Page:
Ruland apparently found a technique that worked, although the Cody Walmart’s surveillance footage indicates there were signs of something amiss.
There were three instances where Ruland passed altered checks at the Cody store, and in all three, the footage showed her vigorously shaking and blowing on the check like it was wet, Stafford wrote.
“On one occasion, the Walmart clerk is seen shaking the check as if it is wet and then the check gets stuck in the check scanner,” he said.
Stafford’s affidavit suggests Ruland used one forged check at the Cody store to buy the supplies needed to steal and alter more of the checks.
In a Jan. 9 purchase, Ruland used a check that had originally been for a man’s cable bill (stolen from the outgoing mail slot inside the Buffalo Post Office) to pay for $874.41 worth of stuff, including a laptop computer, rope, a glue mouse trap, peroxide and rubbing alcohol.
Ruland later returned the laptop to the Cody store — plus a digital camera and lens she’d bought with another stolen check on Jan. 6 — for $1,745.84 in cash, but she did not return the other items.
The relevance of those items grew on Jan. 24, when a postal worker in Casper found three rodent glue traps stuck to the inside of collection boxes located near the city’s main Post Office. On Jan. 25, the Evansville Postmaster reported finding an identical trap stuck in his Post Office’s outgoing mail slot, Lucas wrote.
All the abandoned traps had purple cords attached, Lucas said, apparently used for the “fishing.”
Two days later, Deputy Kozisek contacted the Cody Walmart’s general manager and asked him to look for any recent check fraud that would fit Ruland’s M.O., Stafford wrote.
The affidavit says the manager discovered Ruland’s transactions from Jan. 6 and 9, but he would soon be confronted with a third and fourth: That’s because Ruland returned to the store on the morning of Jan. 28 and ran the scam twice more.
She bought two laptops with another stolen check at around 6 a.m. and returned the computers an hour and a half later for $1,589.84 in cash, Stafford said. Ruland then went back into the store, used another fraudulent check to buy a digital camera and accessories and then left with the $1,329.12 of items.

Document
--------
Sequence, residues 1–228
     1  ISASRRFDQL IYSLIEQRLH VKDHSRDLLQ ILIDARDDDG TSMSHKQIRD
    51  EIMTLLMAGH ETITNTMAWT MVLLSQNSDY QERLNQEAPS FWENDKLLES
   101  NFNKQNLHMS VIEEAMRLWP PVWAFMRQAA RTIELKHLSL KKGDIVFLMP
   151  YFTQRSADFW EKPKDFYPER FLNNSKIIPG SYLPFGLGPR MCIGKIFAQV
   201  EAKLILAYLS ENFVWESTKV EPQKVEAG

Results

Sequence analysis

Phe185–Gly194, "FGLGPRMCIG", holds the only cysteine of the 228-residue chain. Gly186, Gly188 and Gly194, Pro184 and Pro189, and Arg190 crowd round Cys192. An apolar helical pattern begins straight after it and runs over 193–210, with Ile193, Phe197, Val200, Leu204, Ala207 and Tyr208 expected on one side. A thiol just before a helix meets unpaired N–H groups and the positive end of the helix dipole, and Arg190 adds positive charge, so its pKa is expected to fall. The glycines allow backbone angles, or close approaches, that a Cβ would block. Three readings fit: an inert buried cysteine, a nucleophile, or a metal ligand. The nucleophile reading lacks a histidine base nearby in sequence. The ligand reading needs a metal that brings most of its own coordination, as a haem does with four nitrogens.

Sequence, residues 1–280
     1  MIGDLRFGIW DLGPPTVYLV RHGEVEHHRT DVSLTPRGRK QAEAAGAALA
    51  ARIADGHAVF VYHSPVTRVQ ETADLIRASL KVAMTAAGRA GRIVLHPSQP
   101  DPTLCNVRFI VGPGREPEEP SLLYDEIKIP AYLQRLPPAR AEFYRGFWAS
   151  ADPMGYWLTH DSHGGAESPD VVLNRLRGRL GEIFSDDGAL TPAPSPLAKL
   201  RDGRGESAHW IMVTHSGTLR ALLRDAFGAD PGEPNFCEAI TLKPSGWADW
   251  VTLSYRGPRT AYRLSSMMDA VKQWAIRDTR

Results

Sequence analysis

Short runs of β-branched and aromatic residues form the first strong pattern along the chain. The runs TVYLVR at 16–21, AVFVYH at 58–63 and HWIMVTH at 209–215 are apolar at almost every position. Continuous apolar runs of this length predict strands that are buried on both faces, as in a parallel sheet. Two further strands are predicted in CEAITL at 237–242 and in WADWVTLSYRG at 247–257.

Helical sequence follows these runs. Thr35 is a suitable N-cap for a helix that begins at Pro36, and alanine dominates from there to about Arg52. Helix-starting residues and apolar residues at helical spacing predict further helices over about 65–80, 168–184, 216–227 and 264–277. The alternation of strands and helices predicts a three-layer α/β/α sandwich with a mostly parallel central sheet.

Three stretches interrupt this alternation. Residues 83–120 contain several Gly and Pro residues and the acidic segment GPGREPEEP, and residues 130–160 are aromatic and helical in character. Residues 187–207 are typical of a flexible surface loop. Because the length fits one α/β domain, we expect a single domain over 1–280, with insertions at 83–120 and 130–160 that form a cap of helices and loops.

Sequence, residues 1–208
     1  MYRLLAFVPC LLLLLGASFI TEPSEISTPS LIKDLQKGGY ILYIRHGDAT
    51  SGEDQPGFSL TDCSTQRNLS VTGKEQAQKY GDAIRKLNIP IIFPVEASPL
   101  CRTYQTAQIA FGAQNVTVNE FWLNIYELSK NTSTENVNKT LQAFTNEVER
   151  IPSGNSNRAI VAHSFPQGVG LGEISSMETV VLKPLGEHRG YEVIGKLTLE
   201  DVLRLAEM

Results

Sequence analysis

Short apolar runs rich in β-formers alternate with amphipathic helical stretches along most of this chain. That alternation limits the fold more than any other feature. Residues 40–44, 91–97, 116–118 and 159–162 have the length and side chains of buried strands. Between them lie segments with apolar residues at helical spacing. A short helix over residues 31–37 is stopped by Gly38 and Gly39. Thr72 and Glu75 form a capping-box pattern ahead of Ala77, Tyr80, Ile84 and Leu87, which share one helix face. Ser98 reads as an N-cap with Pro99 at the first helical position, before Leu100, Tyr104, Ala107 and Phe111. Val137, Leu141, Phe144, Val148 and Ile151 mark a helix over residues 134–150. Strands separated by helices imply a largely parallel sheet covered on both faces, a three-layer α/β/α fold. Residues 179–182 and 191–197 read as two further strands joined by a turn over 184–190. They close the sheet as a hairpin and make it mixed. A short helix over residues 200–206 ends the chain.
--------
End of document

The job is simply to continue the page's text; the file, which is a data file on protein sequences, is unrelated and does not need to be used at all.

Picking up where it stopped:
But Ruland’s luck ran out two days later when she tried to return the camera and some of the equipment in the early morning hours of Jan. 30.
Walmart staff called Cody police, who ultimately took her into custody on suspicion of forgery.
A search of Ruland’s vehicle turned up a bag with 26 letters from the Casper area (Stafford said Ruland had been caught on video stealing mail in Casper on Jan. 27), multiple pieces of mail with checks removed, three checks washed of their original ink and a rodent glue trap attached to a purple cord, Lucas wrote.
Charging documents indicate that Ruland was accompanied by another person during most of the purchases, but Powell, the spokesman for federal prosecutors, said it was determined she acted alone in the criminal activity.
“Case closed!” he said.
In the Yellowstone County case, Ruland has pleaded not guilty to the felony count of common scheme forgery, and a trial is set for Sept. 11, according to records obtained by the Billings Gazette.
The records show Ruland had been released on a $5,000 surety bond on Nov. 19. Under her bond conditions, she was not supposed to leave the state or break any laws while free.